LE: Recently SCL has been responding to consultations, from Parliament and government. Is that something you want to see more of?

BJ: I think it is important for SCL to respond to consultation requests.  It helps our profile and so there is a degree of self interest in this but, more importantly, SCL is a natural forum for participation in forming new law, policies and guidelines.  Also I believe that participating in these exercises helps members develop their own thinking.  I suspect that in many cases SCL members would not find the time or energy to respond as individuals or under their employer’s umbrella alone.  Responding via SCL jointly with other interested members works well for the individuals concerned and so is a win-win exercise.

LE: So what would you say has been the highlight of your work with SCL to date?

BJ:  I think the highlight for me has been the Annual Conferences – they are not just informative but they are enjoyable, and I have to admit to learning as much about some of the more esoteric practices in IT law in the conference bar at midnight as I have in the formal sessions!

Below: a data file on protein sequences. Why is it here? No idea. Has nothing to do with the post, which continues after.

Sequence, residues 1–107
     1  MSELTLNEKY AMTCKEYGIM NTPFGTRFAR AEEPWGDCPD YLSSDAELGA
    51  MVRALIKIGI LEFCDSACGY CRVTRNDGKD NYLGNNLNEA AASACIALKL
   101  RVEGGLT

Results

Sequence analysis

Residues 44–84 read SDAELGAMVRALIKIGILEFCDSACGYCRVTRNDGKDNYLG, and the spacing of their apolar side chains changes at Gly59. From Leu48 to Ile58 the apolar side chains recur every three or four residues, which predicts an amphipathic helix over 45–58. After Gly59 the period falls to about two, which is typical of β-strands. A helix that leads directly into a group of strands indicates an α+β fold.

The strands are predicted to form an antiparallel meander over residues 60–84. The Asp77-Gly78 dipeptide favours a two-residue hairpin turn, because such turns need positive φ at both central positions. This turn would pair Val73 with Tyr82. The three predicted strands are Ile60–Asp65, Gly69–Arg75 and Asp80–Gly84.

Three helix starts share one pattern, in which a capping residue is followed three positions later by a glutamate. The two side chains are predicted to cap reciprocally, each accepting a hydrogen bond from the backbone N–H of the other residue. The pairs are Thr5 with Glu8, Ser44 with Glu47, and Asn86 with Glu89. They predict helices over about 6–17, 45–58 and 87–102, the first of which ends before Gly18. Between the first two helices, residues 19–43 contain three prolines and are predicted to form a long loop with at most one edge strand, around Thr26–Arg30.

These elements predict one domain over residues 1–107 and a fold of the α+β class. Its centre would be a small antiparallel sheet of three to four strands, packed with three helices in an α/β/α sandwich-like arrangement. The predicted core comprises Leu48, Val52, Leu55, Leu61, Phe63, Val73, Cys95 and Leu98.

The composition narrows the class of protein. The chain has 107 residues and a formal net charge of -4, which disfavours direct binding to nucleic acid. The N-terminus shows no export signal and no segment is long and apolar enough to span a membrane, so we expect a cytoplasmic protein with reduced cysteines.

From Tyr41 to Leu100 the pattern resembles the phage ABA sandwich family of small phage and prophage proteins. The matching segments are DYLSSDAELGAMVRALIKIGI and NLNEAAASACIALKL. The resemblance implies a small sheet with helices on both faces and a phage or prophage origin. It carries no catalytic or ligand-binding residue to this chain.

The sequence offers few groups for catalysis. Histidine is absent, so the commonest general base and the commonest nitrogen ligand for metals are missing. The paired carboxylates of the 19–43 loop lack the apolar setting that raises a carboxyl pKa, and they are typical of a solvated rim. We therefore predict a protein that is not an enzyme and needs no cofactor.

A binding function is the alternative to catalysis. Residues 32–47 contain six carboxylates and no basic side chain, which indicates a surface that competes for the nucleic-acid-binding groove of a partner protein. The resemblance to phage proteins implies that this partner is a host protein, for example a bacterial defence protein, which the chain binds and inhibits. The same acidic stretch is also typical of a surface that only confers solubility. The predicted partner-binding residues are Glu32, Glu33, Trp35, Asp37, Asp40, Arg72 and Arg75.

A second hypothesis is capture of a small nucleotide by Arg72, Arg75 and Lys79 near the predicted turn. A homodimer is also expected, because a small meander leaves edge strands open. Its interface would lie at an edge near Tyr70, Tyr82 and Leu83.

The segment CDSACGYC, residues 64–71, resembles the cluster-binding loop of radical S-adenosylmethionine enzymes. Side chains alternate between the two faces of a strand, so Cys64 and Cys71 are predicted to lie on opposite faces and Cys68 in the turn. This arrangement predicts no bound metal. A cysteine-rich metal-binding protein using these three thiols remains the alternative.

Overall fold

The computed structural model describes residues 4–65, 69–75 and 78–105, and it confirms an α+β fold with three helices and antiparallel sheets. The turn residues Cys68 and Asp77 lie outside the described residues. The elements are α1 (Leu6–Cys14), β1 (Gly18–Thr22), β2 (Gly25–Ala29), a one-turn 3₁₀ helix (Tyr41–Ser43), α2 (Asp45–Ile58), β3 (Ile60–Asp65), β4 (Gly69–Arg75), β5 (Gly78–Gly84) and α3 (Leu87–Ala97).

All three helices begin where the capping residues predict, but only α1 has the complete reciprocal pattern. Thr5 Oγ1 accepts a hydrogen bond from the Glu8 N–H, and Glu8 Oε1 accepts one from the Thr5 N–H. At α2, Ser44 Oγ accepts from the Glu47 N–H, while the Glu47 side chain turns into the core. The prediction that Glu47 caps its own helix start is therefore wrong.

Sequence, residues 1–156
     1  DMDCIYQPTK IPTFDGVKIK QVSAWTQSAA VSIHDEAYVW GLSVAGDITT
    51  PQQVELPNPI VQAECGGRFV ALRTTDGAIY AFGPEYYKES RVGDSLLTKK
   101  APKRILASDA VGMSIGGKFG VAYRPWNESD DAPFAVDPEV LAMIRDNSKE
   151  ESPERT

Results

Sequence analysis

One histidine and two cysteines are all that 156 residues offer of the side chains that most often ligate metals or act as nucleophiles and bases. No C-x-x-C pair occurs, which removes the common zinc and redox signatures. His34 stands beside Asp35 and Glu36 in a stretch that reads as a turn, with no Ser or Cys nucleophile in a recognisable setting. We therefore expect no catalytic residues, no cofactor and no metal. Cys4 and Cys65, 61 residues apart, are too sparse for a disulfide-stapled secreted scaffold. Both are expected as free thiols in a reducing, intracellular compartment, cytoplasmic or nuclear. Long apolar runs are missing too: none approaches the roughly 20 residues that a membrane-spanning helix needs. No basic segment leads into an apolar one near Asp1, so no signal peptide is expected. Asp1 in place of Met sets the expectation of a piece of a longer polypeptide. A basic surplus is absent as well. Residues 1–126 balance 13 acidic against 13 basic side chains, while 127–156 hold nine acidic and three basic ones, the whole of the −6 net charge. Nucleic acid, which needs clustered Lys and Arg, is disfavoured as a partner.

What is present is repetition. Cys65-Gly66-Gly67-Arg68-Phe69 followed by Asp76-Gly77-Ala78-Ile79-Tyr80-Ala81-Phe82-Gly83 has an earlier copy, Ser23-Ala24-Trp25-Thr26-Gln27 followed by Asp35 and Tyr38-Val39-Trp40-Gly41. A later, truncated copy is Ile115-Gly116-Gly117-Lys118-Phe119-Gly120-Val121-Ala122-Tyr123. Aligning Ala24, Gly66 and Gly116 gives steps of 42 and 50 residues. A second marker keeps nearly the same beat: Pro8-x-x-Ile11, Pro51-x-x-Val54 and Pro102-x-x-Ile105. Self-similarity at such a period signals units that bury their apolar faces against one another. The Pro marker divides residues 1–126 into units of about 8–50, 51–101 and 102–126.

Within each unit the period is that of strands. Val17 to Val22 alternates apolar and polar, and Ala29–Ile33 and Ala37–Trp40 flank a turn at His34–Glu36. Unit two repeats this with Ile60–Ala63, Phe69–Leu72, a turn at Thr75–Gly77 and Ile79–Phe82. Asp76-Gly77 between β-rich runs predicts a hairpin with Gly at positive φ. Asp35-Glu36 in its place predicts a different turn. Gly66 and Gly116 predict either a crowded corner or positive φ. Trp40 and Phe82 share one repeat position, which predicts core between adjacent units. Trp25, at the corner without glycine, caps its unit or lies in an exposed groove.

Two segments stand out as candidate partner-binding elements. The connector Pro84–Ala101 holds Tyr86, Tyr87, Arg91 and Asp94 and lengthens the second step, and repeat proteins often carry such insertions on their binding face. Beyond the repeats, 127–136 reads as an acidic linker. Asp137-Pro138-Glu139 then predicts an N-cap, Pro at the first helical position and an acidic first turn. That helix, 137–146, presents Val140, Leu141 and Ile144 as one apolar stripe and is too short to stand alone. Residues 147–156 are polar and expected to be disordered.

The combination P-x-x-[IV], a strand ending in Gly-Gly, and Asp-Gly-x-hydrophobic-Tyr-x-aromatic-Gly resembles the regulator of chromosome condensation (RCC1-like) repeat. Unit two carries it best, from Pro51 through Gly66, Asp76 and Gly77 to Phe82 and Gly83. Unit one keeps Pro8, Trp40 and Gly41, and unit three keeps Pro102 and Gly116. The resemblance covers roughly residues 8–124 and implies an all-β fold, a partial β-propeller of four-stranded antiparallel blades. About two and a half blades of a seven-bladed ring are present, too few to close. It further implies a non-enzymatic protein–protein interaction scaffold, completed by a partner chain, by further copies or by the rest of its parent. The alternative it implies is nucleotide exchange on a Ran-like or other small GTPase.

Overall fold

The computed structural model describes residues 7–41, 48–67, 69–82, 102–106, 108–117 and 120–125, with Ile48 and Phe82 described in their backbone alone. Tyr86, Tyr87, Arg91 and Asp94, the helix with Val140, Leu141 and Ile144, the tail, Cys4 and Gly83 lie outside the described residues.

LE: Turning to the prospects and plans, what are your priorities for the coming period as sole SCL Chair?

BJ: First we need to keep innovating.  Ideas such as the webinars and the ability to earn CPD points via the website are two examples of good new ideas which we have implemented recently.  Secondly we need to keep the right balance between the various “churches” within SCL.  Personally I would like to see greater representation from in-house lawyers.  Their perspective and experience is very different from lawyers in private practice and it is excellent to have as many in-house lawyers as possible actively involved.  We have worked hard to encourage that this year, but it is very much a work in progress.  Finally I would like to see SCL even more involved at the cutting edge of legal developments – we can achieve this in various ways, for example through active involvement in consultations by government, but also by carefully chosen initiatives with other organisations such as universities and research institutions.  SCL’s membership numbers are increasing and so things generally are going well.  However there is no room for complacency and I think it is particularly  important that the Trustee Board works hard to encourage and foster as much active participation as possible from our membership not just in connection with activities generally but particularly in connection with these various initiatives.